The boys were assigned rotating chores, all learning to cook and to sew. Here’s the “dough box” where the Eisenhowers placed their bread dough to rise.

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Although I know his Presidency is probably not without controversy, here are some of the positive things Dwight D. Eisenhower (a self-proclaimed “progressive conservative” and a Republican) managed to accomplish while President:

  • continued and expanded New Deal social programs
  • helped end McCarthyism
  • signed the Civil Rights Act of 1957 (and sent Army troops to enforce school integration)
  • authorized the Interstate Highway System
  • promoted science education
  • emphatically expressed his concerns about what he called the “military-industrial complex.”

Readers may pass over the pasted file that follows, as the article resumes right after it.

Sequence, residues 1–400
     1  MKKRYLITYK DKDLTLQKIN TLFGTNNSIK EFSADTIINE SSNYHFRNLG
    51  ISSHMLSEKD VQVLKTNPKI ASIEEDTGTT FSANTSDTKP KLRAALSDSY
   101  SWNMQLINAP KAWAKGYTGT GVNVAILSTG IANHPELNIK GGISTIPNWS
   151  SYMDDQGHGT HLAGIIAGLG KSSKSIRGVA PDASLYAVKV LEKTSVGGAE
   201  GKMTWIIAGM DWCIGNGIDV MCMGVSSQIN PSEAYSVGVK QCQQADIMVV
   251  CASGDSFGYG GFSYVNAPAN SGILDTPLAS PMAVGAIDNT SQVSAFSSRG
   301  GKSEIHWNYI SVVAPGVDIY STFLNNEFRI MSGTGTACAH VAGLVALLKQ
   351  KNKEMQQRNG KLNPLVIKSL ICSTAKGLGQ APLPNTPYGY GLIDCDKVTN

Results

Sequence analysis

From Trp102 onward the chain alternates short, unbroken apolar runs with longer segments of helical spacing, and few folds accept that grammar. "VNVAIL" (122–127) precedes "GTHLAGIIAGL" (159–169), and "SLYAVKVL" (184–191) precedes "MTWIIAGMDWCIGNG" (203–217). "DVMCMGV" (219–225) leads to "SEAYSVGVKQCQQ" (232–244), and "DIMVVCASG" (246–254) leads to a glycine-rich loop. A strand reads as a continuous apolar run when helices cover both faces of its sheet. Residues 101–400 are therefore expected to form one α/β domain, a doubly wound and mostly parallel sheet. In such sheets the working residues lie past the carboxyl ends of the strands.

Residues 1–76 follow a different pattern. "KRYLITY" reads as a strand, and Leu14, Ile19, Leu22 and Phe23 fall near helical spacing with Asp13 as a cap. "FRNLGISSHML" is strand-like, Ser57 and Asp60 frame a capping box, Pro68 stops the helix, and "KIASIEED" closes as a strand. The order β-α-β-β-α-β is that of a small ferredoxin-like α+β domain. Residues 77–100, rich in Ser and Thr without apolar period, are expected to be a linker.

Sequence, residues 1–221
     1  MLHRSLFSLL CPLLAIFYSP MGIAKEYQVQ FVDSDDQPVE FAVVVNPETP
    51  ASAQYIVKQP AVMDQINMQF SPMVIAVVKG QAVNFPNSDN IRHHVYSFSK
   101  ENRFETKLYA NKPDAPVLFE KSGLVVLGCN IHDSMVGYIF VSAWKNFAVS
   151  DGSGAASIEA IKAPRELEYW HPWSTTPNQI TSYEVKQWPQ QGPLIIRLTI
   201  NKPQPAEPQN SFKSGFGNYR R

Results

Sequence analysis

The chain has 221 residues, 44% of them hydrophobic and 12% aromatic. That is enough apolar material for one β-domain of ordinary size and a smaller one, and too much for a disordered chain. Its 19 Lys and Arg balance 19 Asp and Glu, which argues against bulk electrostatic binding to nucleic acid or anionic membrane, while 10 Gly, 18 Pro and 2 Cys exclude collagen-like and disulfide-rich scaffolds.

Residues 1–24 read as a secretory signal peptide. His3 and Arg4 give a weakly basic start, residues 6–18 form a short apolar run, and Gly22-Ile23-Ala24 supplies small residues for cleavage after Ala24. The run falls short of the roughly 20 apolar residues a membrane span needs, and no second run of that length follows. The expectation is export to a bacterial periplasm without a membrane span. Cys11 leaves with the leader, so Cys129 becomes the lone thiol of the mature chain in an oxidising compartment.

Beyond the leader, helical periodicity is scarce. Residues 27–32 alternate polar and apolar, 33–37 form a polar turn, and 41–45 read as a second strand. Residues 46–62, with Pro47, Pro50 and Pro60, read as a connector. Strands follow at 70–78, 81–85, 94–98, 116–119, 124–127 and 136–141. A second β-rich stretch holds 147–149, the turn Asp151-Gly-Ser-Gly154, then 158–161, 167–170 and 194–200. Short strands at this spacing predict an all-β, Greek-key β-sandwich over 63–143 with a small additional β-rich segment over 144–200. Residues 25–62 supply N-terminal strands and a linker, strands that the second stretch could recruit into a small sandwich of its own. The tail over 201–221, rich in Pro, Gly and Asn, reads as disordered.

In spite of all his achievements, Eisenhower once said that “the proudest thing I can claim is being from Abilene.” You’ve got to like that, especially when humility is in such short supply at the White House these days.

More Clues

My last post (Where Am I?) included two photos and posed the question, “Where Am I?” So far, none of my readers on WordPress, Facebook, or Twitter have come up with an answer. Either you haven’t clicked the link, are too busy with Thanksgiving preparations, or you truly don’t give a crap. It’s understandable. There is just too much crap out here to read right now, and more important things to do. But in the meantime, I’m still hanging out here somewhere, wondering where in the hell I am. So if you happen to know, please tell me so I can find my way home in time for Thanksgiving!

I do have another clue for you. Remember the first clue was “coffeehouse.” The next one is “1960.” Oh, and here’s another photo.

Good luck. Hopefully, I Shall Be Released from this mysterious place soon. (That was another clue, by the way.)

The Magna What?